International Oil & Gas Executives Seeking to Solidify Gains in Boom Year, According to BDO Survey

  International Oil & Gas Executives Seeking to Solidify Gains in Boom Year,
  According to BDO Survey

  *Executives not planning to invest in Middle East, Latin America, East Asia
  *U.S. expected to lead future energy production
  *Hydraulic fracturing outpacing carbon emissions as a top environmental

Business Wire

BRUSSELS -- March 13, 2013

International oil and gas executives are feeling optimistic about the year
ahead, yet rather than take the opportunity to grow their businesses and
expand operations, companies are using the boom to hedge against the
short-term uncertainties of the global oil and gas industry. According to a
new study by leading international accounting and consulting organisation BDO,
nearly half (48 percent) of oil and gas executives feel better about their
access to capital and credit in the year ahead, with 45 percent citing it as
the top driver of industry growth in 2013. At the same time, 31 percent of
executives polled feel that demand for resources, strong as ever, will
influence growth.

The survey of 84 C-Level and senior financial executives at oil and gas
companies in the United States (U.S.), Russia, United Kingdom (U.K.),
Australia and Canada sought their insights on growth strategies, industry
consolidation, the environment, regulatory affairs and labour issues.

Amidst this positivity, however, executives are forging ahead conservatively,
suggesting a degree of anxiety about the long-term profitability of the energy
industry. When asked how they plan to improve profitability in the year ahead,
a majority (56 percent) of executives say they will focus on internal business
processes. Australia bucks the trend, with 58 percent of executives indicating
that they plan to pursue vertical integration through acquisitions.
Nevertheless, this inward, efficiency-driven focus reveals a broader concern
about becoming too expansive. Indeed, without exception, when asked which
region would be a target for expansion, every country surveyed overwhelmingly
cites their own territory as a preferred target; very few respondents cite the
resource-rich areas of the Middle East, Latin America and East Asia.

“Industry leaders suspect that we may be at the apex of a boom-and-bust
cycle,” says Charles Dewhurst, Global Natural Resources Leader, Natural
Resources industry group at BDO. “The oil and gas industry is largely beholden
to uncertainty, and short-term fluctuations can halt current positive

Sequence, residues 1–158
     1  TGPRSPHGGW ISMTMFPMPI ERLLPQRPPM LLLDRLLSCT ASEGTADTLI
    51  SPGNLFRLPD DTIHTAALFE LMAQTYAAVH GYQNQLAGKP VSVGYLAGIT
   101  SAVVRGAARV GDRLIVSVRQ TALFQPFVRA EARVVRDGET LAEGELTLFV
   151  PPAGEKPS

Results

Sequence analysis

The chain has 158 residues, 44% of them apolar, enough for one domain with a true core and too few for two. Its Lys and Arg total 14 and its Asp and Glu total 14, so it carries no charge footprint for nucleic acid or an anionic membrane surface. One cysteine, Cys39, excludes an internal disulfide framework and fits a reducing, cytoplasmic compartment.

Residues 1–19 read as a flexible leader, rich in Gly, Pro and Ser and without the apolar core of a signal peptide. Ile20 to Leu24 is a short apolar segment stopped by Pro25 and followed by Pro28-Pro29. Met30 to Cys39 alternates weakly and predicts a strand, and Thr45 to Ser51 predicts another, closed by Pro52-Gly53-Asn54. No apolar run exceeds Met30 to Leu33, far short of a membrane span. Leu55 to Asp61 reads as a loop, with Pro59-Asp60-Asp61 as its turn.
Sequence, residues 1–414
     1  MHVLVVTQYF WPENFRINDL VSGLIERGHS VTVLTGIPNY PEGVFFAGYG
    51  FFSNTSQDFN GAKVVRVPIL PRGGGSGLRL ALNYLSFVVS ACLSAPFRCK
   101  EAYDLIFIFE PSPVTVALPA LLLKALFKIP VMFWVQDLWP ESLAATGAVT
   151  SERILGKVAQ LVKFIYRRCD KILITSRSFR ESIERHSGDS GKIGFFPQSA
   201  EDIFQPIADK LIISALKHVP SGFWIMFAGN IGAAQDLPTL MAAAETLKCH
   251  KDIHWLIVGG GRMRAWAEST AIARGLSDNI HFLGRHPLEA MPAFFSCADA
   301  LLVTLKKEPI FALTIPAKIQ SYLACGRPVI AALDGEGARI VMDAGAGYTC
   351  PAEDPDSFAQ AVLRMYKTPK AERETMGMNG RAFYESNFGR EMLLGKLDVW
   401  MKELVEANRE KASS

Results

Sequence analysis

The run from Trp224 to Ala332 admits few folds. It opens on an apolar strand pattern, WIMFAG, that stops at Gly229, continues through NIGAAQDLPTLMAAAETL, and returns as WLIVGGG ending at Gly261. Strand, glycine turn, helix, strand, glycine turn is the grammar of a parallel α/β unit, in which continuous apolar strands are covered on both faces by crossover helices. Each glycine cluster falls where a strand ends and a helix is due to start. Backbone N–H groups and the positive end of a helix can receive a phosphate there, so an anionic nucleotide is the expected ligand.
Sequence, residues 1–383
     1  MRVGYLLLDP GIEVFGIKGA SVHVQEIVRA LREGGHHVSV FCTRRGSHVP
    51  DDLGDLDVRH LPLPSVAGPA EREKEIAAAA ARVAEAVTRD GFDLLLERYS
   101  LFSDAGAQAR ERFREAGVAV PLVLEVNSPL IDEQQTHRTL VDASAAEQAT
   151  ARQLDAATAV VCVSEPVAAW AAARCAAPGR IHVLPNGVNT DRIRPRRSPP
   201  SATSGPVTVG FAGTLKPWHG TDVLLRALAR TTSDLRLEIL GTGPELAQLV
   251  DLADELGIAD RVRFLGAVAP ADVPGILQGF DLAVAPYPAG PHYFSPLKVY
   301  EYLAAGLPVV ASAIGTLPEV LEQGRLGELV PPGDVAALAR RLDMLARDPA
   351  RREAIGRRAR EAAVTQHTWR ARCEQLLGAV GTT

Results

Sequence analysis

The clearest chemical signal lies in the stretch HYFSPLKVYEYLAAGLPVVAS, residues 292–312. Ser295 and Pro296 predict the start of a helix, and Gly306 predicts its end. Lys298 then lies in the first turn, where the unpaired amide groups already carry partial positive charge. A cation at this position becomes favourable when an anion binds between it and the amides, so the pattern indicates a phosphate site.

momentum. Environmental and regulatory concerns, commodity price volatility
and geopolitical circumstances can all conspire to throw a wrench into
companies’ plans.”

One of the most troubling immediate concerns for executives in the year ahead
is the possibility of labour shortages. While about one-half (51 percent) of
executives surveyed expect to increase hiring this year, 61 percent also
anticipate difficulty hiring the skilled workforce they need. As the current
workforce ages and engineering schools work to train the next generation of
skilled oil and gas labourers, executives worry that the human capital
necessary to take advantage of the current boom may not be readily available.

Shale underlying this year’s industry boost

While the long-term prospects of the oil and gas industry remain in flux, the
survey indicates that the North American shale boom is likely driving much of
this year’s short-term optimism. When asked which country will lead overall
oil production in the future, 39 percent of executives cite the United States,
a 50 percent lead over those citing Saudi Arabia (26 percent), the second
most-frequently cited oil producer in the survey. Canadian executives are also
positive about their own production prospects as a result of their ability to
exploit resources from oil sands: 40 percent of Canadian executives expect
their own country to lead oil production in the future.

With shale expected to lead production this year, executives also cite the
impact of its corresponding technology—hydraulic fracturing (fracking)—as a
major environmental concern. A plurality (44 percent) of executives rank
fracking as their top concern this year, and with the exception of Russia,
executives in every country rate it as their number one environmental
priority. In contrast, often-discussed carbon emissions and water pollution
trail fracking at 15 percent apiece.

Oil and gas execs split on regulatory concerns

Oil and gas executives are also closely watching the regulatory environment.
As an industry rife with risk, oil and gas companies are subject to
substantial scrutiny. In the wake of a number of recent environmental
accidents, including the Deepwater Horizon spill in 2010 and an oil rig
grounding off the coast of Alaska in January 2013, oil and gas executives know
that their operations are under an international microscope.

A plurality of survey respondents (40 percent) place environmental policy at
the top of their list of regulatory concerns, but comparing country-by-country
responses yields more nuance. Though U.K. executives most often cite
environmental regulation as their top concern, 27 percent—three times the
study’s average of 9 percent—also believe that anti-corruption/anti-bribery
legislation will pose an issue in the year ahead. As with our international
mining survey, the underlying reason appears to be that much of the U.K.’s
exploration and production activities occur beyond its borders. Meanwhile, the
U.S. displays a particular sensitivity to corporate tax structure in the wake
of ongoing fiscal policy debates, with 35 percent citing it as a top concern.